In my last blog post, I made a promise to get involved in politics, and since then, I have been doing just that. I have just partaken in what is for me a marathon in terms of mental exercise and self-education. I watched the entirety of the two hour debate this evening on ITV. Seven party leaders failed to colour coordinated with their podiums and I attempted to keep pace with it all. The political canvas is a-flood with colour, but here is the point: never before has anyone needed more than 3 colours.
SNP leader Nicola Sturgeon and Green Party’s Natalie Bennett celebrated this innovative move away from the “Old Boys Club” that has ruled Westminster for so long. Things are being shaken up.
Lots of people are going to make a big fuss about there being three women on the podiums, but this is an issue that is far from relevant tonight. This “Well done for holding your own in there, Love,” mentality is patronising as well as immaterial. Tonight, Sturgeon, Bennett and Wood were not women, and indeed, Cameron, Miliband, Farage and Clegg were not men: they were political leaders with arguments to present. Gender should not come into it
Of course, each leader projected a different kind of presence. As I’ve already confessed, I have only recently begun to engage in politics and watching this debate is the first time I have been able to take a comprehensive look at each leader and form an opinion. The opening statements were my first opportunity to take stock of each leader. As the ITV producers strove to introduce drama, slowly zooming in on each excessively earnest face, I was forming my first impressions:
I have a confession to make: I am 21 years old and I have never voted in a general election. Or any election for that matter. I know: throw me in the stocks and pelt me with rotten vegetables. I’m one of them. That’s what many of you will be thinking. That is unless you are, like me, one of millions who have failed to cast a vote in recent years.
Why haven’t I voted? A myriad of reasons (none of which is ever good enough to excuse my continual lethargy), principle of which is this: I do not understand politics. Voting blindly based on who my parents or friends vote for is not something I see as an option. If I’m going to vote, I will do so based on what I believe in.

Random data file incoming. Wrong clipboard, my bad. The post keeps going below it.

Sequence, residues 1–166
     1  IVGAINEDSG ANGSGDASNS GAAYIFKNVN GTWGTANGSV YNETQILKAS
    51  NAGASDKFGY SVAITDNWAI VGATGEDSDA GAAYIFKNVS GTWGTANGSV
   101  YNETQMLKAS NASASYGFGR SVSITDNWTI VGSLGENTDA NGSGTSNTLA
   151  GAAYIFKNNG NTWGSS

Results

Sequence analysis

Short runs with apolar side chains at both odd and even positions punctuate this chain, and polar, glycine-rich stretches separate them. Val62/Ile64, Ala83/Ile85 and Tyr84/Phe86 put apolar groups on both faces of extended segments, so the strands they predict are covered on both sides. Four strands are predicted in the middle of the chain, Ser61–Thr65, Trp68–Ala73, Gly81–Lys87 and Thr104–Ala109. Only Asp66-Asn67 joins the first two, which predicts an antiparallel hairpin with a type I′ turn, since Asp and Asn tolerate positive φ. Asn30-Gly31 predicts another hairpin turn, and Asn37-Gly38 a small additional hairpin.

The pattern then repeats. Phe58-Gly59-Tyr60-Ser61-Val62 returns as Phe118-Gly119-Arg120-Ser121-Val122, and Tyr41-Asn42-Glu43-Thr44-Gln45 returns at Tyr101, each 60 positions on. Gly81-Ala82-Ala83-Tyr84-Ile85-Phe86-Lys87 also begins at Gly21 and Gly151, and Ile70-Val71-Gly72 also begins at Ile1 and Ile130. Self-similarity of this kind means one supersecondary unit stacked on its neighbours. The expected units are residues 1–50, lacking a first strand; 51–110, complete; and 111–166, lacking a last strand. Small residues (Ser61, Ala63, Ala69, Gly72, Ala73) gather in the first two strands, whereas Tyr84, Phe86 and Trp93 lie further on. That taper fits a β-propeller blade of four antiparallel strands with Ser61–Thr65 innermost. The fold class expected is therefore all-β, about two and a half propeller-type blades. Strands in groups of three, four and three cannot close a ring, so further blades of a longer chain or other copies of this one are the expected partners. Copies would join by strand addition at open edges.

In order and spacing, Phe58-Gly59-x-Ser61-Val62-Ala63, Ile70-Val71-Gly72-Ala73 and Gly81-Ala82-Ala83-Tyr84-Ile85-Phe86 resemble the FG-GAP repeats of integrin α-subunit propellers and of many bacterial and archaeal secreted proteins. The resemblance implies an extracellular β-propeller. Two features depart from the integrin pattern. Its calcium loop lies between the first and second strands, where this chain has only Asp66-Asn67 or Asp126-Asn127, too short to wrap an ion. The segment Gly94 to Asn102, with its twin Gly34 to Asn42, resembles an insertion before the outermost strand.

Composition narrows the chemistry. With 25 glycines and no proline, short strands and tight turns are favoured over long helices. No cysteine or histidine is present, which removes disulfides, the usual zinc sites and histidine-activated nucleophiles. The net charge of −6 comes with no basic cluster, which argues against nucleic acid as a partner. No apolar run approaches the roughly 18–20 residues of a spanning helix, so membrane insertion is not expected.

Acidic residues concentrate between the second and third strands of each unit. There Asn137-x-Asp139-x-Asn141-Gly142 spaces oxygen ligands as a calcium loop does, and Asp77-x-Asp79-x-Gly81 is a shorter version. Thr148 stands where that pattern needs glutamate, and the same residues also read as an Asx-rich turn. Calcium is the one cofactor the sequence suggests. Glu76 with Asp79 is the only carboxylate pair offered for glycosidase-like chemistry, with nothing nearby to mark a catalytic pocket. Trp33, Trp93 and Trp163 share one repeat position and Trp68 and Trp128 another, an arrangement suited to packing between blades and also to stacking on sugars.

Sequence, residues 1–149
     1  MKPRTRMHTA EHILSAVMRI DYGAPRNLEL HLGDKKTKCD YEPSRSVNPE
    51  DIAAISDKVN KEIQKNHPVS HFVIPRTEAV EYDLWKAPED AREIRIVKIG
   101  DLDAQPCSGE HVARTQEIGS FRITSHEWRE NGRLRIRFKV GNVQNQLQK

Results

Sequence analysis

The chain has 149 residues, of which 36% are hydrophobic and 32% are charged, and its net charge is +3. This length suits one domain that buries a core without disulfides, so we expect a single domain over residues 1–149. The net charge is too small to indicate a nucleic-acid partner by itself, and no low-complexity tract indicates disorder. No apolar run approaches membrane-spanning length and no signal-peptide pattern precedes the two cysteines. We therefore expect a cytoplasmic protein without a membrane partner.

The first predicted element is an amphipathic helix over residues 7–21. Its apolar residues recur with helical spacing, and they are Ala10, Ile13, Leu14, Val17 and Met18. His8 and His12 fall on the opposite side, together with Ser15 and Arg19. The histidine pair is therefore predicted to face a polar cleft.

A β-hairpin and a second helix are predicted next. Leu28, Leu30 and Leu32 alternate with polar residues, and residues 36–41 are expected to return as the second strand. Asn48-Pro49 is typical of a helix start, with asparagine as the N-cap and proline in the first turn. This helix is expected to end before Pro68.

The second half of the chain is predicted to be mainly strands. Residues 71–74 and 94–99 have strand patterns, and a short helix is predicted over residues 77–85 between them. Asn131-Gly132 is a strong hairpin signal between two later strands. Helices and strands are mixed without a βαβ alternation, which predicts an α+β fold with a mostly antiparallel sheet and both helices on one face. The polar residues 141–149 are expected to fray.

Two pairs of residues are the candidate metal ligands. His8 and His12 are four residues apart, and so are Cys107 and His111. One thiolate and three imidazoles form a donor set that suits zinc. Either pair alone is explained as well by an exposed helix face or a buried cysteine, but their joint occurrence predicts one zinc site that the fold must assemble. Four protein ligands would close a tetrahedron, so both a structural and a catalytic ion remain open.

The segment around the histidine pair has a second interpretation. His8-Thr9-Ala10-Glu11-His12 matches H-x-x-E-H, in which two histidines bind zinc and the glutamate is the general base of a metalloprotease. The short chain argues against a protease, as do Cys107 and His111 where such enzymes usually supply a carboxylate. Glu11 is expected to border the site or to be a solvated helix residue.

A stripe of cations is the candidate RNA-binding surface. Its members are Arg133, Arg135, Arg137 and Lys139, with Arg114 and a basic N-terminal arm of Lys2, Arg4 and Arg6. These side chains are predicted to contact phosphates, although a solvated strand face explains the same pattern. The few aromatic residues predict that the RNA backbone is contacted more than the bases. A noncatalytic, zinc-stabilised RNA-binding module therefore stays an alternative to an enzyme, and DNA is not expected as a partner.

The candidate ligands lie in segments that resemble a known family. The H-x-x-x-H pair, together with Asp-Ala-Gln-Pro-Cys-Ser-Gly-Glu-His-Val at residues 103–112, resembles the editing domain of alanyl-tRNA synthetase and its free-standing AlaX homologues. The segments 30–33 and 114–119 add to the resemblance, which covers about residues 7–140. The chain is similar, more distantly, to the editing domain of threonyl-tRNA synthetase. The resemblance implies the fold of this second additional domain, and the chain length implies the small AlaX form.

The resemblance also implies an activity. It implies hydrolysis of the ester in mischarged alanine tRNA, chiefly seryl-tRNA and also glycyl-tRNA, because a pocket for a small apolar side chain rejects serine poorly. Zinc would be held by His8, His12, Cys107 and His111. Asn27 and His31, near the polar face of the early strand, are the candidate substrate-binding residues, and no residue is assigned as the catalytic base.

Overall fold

I can snigger half-heartedly at satirical TV panel shows, because I know that’s what we’re supposed to do. I’ve been trained to laugh at politicians from an early age. I snigger because the basics have been made plain to me: Tories are selfish, upper class twits, Labour don’t know how to look after money and the Lib Dems tried to please everyone and failed. These are the major parties as I have been given to understand them by the likes of Ian Hislop and Frankie Boyle. As for the other parties, hardly any registered on the radar until recently. The Green Party and UKIP, previously stuck in the political paddling pool, are now dipping their toes into the Olympic pool and everyone is uproar about the implications. All this I express with the utmost disassociation: these are not my opinions. This is merely what I have gleaned from my own extremely narrow experience of politics. So I can snigger at a comedian’s jibe because I know that politicians are to be laughed at. That’s what I have been taught and what the majority of popular culture perpetuates.
I have never taken the trouble to understand it and that is my own fault.
But I have made a decision: I am going to change that.
In the lead up to the 2015 UK General Election, I am going to educate myself in the mysterious and confusing ways of politics. I no longer want to be in the condemned section of the pie chart labelled “Non-voters” that seems only to grown. I no longer want to be counted in one of the worst groups of offenders: Young People. My age bracket needs a kick and I’m starting with myself.